LA MORA, Mexico (AP) — With Mexican soldiers guarding the entrance to town, hundreds of people converged on this remote farming community for the first funerals Thursday for the nine American women and children killed by drug cartel gunmen.
Dozens of high-riding pickups and SUVS, many with U.S. license plates from as far away as North Dakota, bumped across dirt and rock roads over desert, arid grasslands and pine-covered mountains Wednesday as night fell on this community of about 300, where many residents are dual U.S.-Mexican citizens who consider themselves Mormon but are not affiliated with The Church of Jesus Christ of Latter-day Saints.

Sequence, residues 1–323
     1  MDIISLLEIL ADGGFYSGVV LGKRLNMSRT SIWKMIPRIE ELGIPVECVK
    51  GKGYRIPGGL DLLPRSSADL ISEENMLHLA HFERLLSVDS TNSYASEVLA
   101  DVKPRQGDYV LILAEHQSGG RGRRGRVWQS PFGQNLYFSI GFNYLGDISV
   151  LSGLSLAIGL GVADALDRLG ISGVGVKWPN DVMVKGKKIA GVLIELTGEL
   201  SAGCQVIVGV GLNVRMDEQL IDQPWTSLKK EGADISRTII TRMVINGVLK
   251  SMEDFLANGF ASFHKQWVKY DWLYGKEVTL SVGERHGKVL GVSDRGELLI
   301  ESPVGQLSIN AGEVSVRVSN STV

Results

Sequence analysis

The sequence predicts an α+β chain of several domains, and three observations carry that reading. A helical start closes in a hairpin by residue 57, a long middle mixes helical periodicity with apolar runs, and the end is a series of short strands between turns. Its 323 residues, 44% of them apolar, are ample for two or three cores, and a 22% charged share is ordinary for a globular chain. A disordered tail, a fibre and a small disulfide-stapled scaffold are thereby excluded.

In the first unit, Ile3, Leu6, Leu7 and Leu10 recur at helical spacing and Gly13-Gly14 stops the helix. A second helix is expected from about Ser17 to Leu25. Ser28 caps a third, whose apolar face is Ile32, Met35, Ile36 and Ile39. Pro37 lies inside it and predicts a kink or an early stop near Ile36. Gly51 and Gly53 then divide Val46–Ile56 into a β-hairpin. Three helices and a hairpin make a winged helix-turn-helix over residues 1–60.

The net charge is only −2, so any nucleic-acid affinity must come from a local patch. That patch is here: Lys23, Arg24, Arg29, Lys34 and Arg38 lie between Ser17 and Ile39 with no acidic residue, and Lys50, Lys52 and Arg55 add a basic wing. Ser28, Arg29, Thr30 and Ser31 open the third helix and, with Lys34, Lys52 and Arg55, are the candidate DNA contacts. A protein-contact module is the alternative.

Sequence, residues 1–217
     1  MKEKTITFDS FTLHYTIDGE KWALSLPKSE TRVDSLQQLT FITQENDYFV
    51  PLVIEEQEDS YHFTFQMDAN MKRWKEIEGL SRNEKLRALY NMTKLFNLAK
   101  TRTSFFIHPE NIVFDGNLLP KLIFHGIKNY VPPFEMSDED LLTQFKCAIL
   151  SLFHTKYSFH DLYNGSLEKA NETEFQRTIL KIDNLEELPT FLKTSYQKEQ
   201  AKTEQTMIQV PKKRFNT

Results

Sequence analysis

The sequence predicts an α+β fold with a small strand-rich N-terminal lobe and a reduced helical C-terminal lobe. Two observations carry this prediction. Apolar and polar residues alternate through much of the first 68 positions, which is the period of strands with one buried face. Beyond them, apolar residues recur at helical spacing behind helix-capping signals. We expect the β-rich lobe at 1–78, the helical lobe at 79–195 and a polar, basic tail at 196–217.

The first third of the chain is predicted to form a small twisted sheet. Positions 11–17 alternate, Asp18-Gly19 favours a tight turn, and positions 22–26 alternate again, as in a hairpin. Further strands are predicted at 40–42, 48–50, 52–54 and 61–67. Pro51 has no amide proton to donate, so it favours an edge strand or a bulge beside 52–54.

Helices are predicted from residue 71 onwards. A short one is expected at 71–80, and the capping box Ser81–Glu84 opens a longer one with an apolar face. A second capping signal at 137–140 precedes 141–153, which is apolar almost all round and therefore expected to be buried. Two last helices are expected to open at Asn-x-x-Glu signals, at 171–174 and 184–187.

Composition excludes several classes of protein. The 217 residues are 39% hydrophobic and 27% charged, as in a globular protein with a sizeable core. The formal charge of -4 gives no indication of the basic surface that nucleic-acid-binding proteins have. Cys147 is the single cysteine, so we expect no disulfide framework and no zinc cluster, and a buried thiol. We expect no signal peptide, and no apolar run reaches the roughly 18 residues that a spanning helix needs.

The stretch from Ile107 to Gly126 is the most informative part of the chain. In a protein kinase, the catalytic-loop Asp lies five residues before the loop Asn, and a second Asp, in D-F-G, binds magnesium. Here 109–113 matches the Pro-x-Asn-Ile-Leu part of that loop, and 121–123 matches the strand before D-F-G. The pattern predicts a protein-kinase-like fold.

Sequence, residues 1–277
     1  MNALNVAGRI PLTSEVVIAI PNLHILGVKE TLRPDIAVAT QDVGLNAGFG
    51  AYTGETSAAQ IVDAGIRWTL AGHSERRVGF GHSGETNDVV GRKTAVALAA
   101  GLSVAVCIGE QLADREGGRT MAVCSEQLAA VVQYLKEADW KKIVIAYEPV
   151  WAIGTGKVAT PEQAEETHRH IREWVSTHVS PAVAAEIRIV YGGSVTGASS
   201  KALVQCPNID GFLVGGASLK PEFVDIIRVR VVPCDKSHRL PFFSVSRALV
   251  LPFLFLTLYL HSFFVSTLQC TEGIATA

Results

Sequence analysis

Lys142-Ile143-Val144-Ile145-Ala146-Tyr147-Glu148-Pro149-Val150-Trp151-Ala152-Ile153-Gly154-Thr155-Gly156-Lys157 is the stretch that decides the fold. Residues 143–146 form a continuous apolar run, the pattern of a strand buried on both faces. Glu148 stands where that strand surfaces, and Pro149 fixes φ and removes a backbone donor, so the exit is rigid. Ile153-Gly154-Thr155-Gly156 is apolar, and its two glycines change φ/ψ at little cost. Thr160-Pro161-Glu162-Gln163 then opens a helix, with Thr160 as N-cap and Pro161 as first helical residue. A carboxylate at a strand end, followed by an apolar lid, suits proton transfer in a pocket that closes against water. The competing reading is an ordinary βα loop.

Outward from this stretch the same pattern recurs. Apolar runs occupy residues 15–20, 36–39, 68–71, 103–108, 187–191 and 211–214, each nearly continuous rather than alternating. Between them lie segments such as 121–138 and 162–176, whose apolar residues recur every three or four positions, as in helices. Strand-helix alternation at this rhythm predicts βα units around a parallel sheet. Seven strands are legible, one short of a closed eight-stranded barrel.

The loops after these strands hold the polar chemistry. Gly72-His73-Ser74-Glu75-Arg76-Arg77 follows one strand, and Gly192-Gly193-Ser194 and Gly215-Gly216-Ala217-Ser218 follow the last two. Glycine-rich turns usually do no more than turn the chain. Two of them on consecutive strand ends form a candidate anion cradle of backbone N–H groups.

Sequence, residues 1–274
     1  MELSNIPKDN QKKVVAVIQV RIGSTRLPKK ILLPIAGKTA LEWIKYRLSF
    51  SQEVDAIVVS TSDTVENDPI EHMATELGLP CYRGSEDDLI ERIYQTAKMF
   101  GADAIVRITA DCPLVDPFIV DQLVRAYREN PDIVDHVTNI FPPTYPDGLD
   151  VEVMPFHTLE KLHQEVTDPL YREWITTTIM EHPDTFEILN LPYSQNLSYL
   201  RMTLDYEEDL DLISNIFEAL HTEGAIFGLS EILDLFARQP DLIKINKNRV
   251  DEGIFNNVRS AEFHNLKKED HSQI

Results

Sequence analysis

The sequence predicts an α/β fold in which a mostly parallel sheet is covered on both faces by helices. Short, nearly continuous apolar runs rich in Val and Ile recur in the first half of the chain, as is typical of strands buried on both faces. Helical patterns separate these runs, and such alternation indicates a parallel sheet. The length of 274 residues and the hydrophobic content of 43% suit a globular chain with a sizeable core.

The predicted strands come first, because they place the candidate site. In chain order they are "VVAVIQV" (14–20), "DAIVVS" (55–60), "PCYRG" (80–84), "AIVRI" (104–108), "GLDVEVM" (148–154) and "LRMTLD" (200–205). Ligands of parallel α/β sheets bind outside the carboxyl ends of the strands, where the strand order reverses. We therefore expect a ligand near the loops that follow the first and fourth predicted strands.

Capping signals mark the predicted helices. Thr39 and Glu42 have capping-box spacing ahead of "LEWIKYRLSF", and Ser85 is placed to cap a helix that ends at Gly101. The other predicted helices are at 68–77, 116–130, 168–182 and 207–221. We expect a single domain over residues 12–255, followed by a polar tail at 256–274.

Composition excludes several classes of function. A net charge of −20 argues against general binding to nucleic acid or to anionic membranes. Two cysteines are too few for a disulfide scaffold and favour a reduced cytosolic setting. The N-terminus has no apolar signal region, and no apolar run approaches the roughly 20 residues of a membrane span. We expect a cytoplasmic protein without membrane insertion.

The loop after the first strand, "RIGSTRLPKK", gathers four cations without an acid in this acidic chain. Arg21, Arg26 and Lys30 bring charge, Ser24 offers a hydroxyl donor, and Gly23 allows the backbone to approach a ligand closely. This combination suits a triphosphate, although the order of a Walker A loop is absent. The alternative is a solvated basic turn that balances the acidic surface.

At least 1,000 visitors were expected to bunk down in the hamlet overnight ahead of Thursday’s funerals, filling floor space in the 30 or so homes or sleeping in tents they brought with them. At least one cow was slaughtered to help feed the masses as well as the few dozen soldiers guarding the entrance.
Steven Langford, who was mayor of La Mora from 2015 to 2018, said he expects the killings to have a major effect on the community.
At one time, he didn’t think twice about moving around the area in the middle of night, but in the past 10 to 15 years, things “got worse and worse and worse.” As many as half of the residents could end up moving away, he said.
“It was a massacre, 100% a massacre,” said Langford, whose sister Christina Langford was one of the women killed. “I don’t know how it squares with the conscience of someone to do something so horrible.”